Tuesday, April 8, 2014

Nonfiction Text Features

Non-fiction can be tricky for emergent readers but it is sooo important!  Talk about student engagement. What kid doesn't love looking at a book full of creepy crawlers or jungle animals?  As elementary teachers, I feel like we spend most of our instruction teaching with fiction books.  Let's face it, fiction books are EVERYWHERE...showcased in book stores, flyers for book orders, garage sales, and even in Kohl's! While teaching with fiction books is important, non-fiction is just as important!  With limited time for Science these days, I find that integration is key.  Non-fiction texts fit nicely into a Reading/Writing block and you are essentially killing two birds with one stone!

My kids have always chosen non-fiction books for their book baggies each week from our classroom library and the definitely choose non-fiction when we go to the school library.  The interest has always been there. I am guilty of being a fiction book hoarder...most bins in my classroom and personal library are fiction.  I have one measly non-fiction bin.  EEEKKK!!!!!  This year, I have made a conscious effort to order several non-fiction books from Scholastic with my points each time I send a book order home.  That way, I am constantly adding to my one bin with the hopes of it becoming two very soon!  Do you have a lot of non-fiction texts in your library??  Where do you like to get your books?

We've been busy diving into non-fiction.  Because The Common Core State Standards require that children have to be able to "know and use various text features to locate key facts of information in a text," we've been hitting it hard.  We started out reviewing non-fiction and reading a non-fiction book.  Then, I gave the kids stacks {small stacks from my one, measly non-fiction bin} of books for them to look through. The next day, I introduced one text feature from my "Snapshot of Non-fiction" pack.  I began with table of contents because that seems to be pretty simple for kids and they have seen it in a lot of books.  We discussed how the table of contents helps the reader and talked about how when you are reading a non-fiction book, you do not have to read it in order. The table lets you skip around to the parts you are most interested in.  I modeled finding a table in a book and filled out the table of contents page in our notebooks. Then, the stacks of books went out again and kids went on a table of contents hunt.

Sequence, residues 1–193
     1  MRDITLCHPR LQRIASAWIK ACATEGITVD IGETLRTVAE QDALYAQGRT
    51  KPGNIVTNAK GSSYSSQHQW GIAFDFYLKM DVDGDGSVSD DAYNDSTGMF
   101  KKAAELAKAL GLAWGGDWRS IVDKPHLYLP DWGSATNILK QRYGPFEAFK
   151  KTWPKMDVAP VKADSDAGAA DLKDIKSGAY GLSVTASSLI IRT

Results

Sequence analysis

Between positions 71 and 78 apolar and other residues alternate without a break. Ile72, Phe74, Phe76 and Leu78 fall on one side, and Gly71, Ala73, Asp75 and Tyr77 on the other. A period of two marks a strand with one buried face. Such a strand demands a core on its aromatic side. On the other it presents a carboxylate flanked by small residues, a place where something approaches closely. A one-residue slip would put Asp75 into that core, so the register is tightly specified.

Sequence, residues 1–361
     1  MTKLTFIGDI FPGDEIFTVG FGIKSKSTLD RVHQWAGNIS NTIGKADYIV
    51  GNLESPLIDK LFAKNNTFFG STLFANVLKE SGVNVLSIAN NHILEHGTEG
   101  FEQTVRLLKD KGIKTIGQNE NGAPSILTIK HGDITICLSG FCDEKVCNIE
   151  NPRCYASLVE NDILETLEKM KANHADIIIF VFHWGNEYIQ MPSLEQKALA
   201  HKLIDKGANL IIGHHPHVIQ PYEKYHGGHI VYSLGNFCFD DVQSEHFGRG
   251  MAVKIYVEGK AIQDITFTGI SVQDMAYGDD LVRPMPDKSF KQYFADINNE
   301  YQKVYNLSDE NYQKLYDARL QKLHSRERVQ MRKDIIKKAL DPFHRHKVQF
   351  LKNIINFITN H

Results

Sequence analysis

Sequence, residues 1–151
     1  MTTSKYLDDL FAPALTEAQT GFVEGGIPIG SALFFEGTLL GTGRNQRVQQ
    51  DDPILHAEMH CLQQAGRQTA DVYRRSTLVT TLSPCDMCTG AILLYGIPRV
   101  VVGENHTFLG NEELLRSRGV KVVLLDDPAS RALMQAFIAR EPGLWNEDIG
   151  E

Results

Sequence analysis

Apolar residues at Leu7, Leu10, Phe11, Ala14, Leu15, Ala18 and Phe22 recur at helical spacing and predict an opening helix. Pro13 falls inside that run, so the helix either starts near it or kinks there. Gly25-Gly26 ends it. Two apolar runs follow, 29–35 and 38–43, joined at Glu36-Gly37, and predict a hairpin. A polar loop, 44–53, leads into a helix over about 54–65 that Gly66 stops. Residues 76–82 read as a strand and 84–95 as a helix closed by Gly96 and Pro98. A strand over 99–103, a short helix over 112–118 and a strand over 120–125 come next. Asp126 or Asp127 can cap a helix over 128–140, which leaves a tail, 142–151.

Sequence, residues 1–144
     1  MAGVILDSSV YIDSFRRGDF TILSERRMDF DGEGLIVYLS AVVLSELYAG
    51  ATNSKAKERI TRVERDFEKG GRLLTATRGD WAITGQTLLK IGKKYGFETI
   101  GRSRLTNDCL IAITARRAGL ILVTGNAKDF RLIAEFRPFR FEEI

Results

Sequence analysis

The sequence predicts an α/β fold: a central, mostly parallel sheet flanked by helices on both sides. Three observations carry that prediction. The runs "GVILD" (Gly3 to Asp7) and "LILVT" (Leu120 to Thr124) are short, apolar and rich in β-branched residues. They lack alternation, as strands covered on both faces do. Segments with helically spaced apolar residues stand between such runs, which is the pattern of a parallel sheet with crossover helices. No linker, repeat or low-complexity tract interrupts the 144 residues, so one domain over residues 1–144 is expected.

We continued on as the week progressed, we moved onto glossary, photographs, and types of print.  There was a constant every day before I introduced a new feature:  we would review all the previous features.

This week, we're wrapping up with labels, captions, and a few others.  By the end of our study, the kids will be able to identify each feature and state what each means.

Next up, non-fiction {"All About"} writing!  I CAN'T WAIT!!!!!  MY FAVORITE UNIT OF STUDY IN WRITING!



Amy B said... Best Blogger Tips[Reply to comment]Best Blogger Templates

Looks awesome! On my wishlist!
Amy Burton

First Grade Buddies said... Best Blogger Tips[Reply to comment]Best Blogger Templates

Love this non fiction work!

:) Tamra and Sarah
First Grade Buddies

Lori Rosenberg said... Best Blogger Tips[Reply to comment]Best Blogger Templates

Great blog post! Very informative! I need this!
Teaching With Love and Laughter

Angela Kelly said... Best Blogger Tips[Reply to comment]Best Blogger Templates

I love your blog and all of your resources! I'm just curious, does your school district have a basal reader; if so, how do you implement. It in your reading block?

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